Fail / drop out rate?
I've heard many people refer to the fail or drop out rate is upwards of 85% to 90% in this business. I'll take that as fact unless someone has results from a study to say otherwise.My question is, do you think the fail rate has been this high always? I ask this because two of my best friends from high school entered the business in early mid 90's and one is Indy and other RIA and making a lot of money. They did their stints with UBS, ML, Wells, Fisher, and a few others. Do you think it was a little bit easier to succeed entering at that time or is it more competitive now? One of the friends is not the sharpest tool in the shed, lacks sales skills, stutters, is lazy, socailly retarded, and he is doing great! The other is very sharp, econ/poly sci double major, very outgoing/aggressive, and manages his own portfolio of $85 million. What gives?
It’s always been tough. However, I think today the consumer is more educated and has more tools at their disposal, so they are less inclined to take the “cold call” lead. My father started in this business in the late 60’s, and he said all you did was cold call and sell stocks. Everyone wanted to be part of the “action”, but had no idea waht they were getting into. The average Joe learns more watching an hour of CNBC today than half the brokers knew back then (not my words).
However, on the bright side, 40 years ago, there was no such thing as a 401K rollover, a 529, etc… So I think there are far more investable dollars out there than years ago.
BUT, the washout rate is higher than ever (especially for newbies vs. someone joining team or inheriting book). I would say the 90% rate for scratch starters is about right (after 3 years).
I’ve heard many people refer to the fail or drop out rate is upwards of 85% to 90% in this business. I’ll take that as fact unless someone has results from a study to say otherwise.My question is, do you think the fail rate has been this high always? [/quote]
Does it matter? Whether it was easier before or not won't change today's reality a bit. It is what it is.
It’s harder today. The wires have set huge hurdles for newbies to achieve (honestly, I am always amazed when people survive it – it is grueling).Markets are over-saturated with seminars - when I started 25 years ago, seminars were a rarity. Do-not-call lists make cold calling harder. Commissions were also higher back then -- when I started a mutual fund trade that costs the client a 5.75% S/C & pays me 5% cost the client 8.5% & we got all that. There were no discount brokers and people had never heard of no-load funds.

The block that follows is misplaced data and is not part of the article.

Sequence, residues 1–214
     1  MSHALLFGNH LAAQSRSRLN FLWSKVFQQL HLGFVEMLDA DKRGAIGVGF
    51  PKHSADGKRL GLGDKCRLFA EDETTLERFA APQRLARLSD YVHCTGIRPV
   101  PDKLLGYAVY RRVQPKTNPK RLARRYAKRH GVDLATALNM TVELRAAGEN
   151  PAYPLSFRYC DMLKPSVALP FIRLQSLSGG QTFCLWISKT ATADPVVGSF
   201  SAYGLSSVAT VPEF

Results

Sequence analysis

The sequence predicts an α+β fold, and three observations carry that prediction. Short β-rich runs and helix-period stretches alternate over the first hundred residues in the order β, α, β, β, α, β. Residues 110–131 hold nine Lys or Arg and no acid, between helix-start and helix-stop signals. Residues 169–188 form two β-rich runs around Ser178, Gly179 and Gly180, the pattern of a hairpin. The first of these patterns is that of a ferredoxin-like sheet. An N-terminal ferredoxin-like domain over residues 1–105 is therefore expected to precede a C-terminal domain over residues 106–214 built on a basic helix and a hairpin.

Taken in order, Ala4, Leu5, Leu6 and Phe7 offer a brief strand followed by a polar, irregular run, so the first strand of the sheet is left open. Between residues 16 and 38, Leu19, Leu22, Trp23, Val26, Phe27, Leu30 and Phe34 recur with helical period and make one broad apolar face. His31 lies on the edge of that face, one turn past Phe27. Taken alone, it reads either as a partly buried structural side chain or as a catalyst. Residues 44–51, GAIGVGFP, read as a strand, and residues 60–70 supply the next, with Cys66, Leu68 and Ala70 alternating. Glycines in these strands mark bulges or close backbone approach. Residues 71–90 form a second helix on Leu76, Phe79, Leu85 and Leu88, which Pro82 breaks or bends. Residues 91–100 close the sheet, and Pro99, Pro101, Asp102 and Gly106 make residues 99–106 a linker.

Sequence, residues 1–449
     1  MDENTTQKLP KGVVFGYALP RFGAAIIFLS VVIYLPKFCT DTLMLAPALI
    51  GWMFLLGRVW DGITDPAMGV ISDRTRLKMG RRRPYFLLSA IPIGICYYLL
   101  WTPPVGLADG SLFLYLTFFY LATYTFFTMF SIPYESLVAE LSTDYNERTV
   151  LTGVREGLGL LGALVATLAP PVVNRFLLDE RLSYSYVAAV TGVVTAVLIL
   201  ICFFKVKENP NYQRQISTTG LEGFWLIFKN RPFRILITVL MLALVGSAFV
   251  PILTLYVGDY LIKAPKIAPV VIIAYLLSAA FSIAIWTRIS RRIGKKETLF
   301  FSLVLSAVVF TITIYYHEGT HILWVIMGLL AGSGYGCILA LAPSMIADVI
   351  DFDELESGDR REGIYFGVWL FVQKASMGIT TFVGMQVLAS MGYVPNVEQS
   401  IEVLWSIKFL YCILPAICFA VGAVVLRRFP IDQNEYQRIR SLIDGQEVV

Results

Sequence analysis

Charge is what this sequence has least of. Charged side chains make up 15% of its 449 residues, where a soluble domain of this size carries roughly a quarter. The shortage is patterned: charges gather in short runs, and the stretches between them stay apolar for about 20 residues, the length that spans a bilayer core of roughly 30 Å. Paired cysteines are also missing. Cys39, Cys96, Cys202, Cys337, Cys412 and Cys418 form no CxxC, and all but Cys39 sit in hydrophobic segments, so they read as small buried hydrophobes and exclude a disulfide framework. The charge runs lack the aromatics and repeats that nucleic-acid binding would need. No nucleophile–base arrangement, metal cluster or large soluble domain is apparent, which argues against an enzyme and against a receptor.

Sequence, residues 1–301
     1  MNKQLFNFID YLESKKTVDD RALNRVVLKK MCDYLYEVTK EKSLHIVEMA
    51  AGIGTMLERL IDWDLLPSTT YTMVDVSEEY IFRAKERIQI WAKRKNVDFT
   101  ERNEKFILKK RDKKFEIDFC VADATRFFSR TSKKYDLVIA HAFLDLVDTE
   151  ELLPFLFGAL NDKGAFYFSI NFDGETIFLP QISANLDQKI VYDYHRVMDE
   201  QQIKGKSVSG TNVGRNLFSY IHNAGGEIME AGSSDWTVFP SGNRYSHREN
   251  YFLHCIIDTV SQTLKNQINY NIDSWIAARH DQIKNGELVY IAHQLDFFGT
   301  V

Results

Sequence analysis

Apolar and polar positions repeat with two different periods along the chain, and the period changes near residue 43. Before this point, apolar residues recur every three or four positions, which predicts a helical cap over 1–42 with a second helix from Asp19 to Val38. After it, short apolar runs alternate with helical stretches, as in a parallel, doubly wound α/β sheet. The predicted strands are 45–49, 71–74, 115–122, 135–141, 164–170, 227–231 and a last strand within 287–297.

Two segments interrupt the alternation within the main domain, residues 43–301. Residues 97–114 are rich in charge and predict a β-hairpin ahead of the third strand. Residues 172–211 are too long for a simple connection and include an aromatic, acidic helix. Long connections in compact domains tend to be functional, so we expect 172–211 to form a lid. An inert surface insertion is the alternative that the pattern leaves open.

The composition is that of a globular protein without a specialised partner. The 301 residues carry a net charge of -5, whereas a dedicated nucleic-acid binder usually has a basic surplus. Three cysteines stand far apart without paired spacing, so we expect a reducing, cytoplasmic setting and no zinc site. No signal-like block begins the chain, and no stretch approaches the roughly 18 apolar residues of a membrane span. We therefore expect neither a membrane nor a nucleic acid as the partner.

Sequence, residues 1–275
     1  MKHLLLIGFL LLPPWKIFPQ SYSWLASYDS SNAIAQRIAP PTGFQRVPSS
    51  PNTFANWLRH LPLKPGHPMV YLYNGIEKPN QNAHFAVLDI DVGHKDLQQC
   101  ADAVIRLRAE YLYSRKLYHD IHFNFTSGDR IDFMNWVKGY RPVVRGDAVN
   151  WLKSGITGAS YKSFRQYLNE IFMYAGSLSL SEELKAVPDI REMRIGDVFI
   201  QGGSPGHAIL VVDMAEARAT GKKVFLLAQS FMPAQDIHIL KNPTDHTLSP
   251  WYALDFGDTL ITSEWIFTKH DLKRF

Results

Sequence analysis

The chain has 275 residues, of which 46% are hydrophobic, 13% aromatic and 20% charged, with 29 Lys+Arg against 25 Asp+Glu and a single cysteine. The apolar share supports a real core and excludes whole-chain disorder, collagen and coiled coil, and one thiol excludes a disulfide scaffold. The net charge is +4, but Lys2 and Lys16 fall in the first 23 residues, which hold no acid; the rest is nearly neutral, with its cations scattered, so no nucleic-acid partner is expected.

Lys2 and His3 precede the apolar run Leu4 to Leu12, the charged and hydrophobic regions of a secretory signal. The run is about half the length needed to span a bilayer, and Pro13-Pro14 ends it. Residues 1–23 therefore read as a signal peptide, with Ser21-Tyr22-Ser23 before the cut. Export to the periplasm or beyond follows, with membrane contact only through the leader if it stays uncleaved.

The failure rate is caused simply because 90% of the people aren't willing to do what needs to be done on a daily basis.
The wirehouse hurdles make it so that even if someone does what needs to be done, a rep can still easily fail. However, even though they fail out of the wirehouse, they can go someplace else, and they will succeed.
Anonymous is right - most people will either NOT commit to what it takes, or they don’t realize what’s involved when they sign up. Frankly - I don’t believe it’s any more difficult today than it was 10 years ago. It’s life style - you don’t puch a clock, you’re always ‘on the clock’.
I agree - it’s not more difficult now than 10 years ago. I do believe it is a very different business than when I came in 25 years ago and that the failure rate is a little higher now than it was then. The number back then that was thrown around was 1 in 5 would survive and in my experience that was pretty accurate.
At the same time isnt their more money to go around now? A Broker I know who got his start at DH Blair back in 1988 said for someone to have $100,000 sent to him was like “whoa.” But now there are so many millionaires and billionaires that it makes up for some of the things like do not call list.
If the answer to your question is yes - it was easier once upon a time - what difference does that make?
If the answer is no - it wasn’t easier - what difference does that make?
This is the type of question best suited for the retired folks sitting in the park feeding the birds, talking about the old days.
Look forward, not back. Agree, most not willing to to what is needed to succeed.
Morphious,It doesn't matter that much but I was just thinking that if the failure rate was 90% back in early 90's and my one friend who made it, it leads me to believe it can't be that hard to succeed....but I know that isn't so. So my guess was that possibly it was easier back then......or maybe the guy had wealthy family members and invested all their money...who knows. I agree the only thing that matters is how difficult it can br right now.
Ice,I agree, we have much more opportunity and there is more money to be found, more products, regardless if there is more competition. I'm praising Godand identify with Him. I am not here to discuss faith, I just often define my username with PraiseHim. I'm not trying to instigate a war on beliefs.
It’s hard to believe someone would not do what was needed to succeed…that’s the easy part, I think. If someone, or some firm, had the detailed recipe for success and told me to do this and that, I would do it. I always thought the hard part was in finding our what the recipe was…the little things that needed to be done to become better or find and close more deals.As a former golf pro I was never told how to get better to shoot lower scores...I had to figure it out on my own. Not even my college coach had advice. If I had a swing coach at an early age like many of the young kids do today I think I would have gone further. When I got into sales 10 years ago I never received any training. I read the books but was always on my own....barely scraped by for 3- 4 years. I finally recieved real hands on direction and sales training from a yellow pages company.....video taped presentations, recorded phone calls etc...and then went into mortgage lending and had a 1 week intensive sales training class. When the sales manager worked with us and said 'do this, this, and this' I did it and was successful. I ended up being 3rd out of 40 Loan officers that year and promoted to sales management the following year....but that is another story. So I'm guessing a majority of the people entering this business who wash out are either lazy, stupid, or do the opposite of what they were told to do because they think their way is better. Sounds like the recruiters need to do a better job of weeding out these people.